A "Robin Hood" cardiac hospital in India—which charges wealthy patients, yet equally welcomes the destitute—is an exciting example of entrepreneurship in the subcontinent, says HBS professor Tarun Khanna. Read More

Learning Tradeoffs in Organizations: Measuring Multiple Dimensions of Improvement to Investigate Learning-Curve Heterogeneity

How and why experience leads to performance improvement has made the learning curve an important management topic for sites ranging from nuclear power plants to cardiac surgical units. This new research looks deeper at learning curves by focusing on learning rates in technology adoption in similar organizations along multiple, potentially competing dimensions. Using longitudinal data from sixteen hospitals that are adopting a new technology for cardiac surgery, it specifically studies two dimensions: efficiency and application innovation and the potential tradeoff between efficiency and application innovation. It also asks how such tradeoffs are influenced. Read More

The Business Case for Diabetes Disease Management

Diabetes is a tough disease to tackle. A case-study discussion led by HBS professor Nancy Beaulieu asked why it is so complex for business and society, and what might be done to curb its incidence. Read More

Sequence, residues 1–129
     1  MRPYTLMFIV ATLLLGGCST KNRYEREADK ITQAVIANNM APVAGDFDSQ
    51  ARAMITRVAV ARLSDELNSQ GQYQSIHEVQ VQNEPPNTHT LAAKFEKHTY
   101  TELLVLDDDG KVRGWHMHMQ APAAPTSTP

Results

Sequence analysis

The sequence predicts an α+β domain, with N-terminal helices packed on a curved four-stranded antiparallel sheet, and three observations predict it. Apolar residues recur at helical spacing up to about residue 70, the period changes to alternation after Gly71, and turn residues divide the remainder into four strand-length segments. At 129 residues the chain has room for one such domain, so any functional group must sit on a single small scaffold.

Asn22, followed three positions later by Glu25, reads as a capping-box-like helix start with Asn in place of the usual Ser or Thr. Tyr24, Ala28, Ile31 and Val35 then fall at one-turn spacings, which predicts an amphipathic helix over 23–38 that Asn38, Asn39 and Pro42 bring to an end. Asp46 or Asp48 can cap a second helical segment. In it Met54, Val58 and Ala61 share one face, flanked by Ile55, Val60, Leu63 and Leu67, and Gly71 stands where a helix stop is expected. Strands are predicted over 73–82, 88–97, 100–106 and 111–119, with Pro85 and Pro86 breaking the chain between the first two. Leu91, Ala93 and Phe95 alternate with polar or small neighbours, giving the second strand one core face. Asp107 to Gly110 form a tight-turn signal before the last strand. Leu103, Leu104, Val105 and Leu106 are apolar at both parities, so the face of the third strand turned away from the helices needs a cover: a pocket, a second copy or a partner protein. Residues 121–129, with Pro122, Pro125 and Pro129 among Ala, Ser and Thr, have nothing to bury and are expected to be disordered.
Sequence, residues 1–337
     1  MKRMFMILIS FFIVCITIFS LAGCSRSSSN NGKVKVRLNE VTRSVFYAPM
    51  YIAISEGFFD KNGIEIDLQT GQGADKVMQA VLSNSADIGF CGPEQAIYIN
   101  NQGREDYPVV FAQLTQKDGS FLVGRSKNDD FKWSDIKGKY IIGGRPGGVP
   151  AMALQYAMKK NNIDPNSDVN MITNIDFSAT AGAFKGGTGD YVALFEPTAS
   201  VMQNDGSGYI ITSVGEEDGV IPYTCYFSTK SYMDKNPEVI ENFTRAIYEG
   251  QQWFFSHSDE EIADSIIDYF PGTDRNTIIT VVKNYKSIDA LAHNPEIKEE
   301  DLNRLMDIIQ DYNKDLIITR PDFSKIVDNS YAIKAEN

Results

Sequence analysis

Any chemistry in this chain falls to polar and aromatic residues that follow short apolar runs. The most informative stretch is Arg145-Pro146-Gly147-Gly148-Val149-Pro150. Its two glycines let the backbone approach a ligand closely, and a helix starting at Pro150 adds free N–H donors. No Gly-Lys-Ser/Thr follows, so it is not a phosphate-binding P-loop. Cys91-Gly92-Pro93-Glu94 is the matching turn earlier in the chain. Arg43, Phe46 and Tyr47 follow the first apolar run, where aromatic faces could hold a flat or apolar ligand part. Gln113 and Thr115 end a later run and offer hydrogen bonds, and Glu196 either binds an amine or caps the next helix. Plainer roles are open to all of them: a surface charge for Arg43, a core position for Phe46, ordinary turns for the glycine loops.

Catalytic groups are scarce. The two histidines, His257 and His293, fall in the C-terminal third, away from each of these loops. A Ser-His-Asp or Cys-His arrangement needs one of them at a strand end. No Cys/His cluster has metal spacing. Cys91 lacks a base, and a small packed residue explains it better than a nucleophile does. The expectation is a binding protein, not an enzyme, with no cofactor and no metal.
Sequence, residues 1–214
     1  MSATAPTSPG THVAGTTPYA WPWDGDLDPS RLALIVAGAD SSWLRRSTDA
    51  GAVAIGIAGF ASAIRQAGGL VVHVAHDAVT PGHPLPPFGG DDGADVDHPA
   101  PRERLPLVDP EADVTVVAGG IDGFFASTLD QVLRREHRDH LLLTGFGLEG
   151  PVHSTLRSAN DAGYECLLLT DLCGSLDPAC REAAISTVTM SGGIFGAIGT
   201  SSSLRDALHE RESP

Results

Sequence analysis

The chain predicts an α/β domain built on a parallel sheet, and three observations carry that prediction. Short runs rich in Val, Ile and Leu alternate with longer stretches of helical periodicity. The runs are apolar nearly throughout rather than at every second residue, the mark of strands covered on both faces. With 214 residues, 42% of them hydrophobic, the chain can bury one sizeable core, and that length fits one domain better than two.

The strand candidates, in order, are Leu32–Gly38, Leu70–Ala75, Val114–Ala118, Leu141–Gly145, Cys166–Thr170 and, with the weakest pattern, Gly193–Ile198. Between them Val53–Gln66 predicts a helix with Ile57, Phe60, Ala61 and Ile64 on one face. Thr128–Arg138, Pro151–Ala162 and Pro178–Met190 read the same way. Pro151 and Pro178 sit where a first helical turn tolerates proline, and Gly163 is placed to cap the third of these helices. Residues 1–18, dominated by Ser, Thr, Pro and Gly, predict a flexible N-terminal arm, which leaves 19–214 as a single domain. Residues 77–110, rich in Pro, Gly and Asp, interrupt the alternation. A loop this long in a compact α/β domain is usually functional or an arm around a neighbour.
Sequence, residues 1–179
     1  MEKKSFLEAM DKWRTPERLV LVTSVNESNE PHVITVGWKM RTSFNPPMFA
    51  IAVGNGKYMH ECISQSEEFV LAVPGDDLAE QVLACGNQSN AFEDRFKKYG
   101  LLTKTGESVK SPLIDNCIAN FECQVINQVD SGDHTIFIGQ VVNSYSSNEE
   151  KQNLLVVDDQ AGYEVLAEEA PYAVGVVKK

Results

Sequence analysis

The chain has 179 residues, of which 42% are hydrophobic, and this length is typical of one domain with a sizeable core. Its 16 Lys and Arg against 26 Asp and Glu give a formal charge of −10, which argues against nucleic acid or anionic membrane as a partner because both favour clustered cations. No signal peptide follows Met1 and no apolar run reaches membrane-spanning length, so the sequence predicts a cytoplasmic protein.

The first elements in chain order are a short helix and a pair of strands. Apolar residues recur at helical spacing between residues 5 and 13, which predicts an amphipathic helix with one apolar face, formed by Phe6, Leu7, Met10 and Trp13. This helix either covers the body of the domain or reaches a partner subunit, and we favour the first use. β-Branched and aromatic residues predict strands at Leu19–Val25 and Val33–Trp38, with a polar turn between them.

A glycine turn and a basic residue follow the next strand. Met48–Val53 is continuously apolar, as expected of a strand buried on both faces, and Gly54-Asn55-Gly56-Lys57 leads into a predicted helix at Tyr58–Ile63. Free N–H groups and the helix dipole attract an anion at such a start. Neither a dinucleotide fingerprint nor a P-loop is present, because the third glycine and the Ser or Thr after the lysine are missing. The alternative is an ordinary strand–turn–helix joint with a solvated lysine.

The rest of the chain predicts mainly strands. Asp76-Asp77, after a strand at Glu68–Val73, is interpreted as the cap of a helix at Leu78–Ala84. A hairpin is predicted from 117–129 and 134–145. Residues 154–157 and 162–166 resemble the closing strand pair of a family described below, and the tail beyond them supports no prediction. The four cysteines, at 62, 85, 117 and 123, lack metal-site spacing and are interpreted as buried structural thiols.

How Technological Disruption Changes Everything

From countries to companies, HBS Professor Clayton Christensen sees disruptive technologies upsetting applecarts all over the globe. In his talk at the HBS Global Alumni Conference 2001, Christensen discussed how disruptive technologies could change forever the health field, Microsoft, and even the Harvard Business School. Read More

Inside the OR: Disrupted Routines and New Technologies

A hospital operating room may seem an unlikely place to attract the attention of a group of management professors. But for HBS faculty members Amy Edmondson, Richard Bohmer and Gary Pisano it's a setting that offers great insights into work teams and the ways they adapt and learn. Read More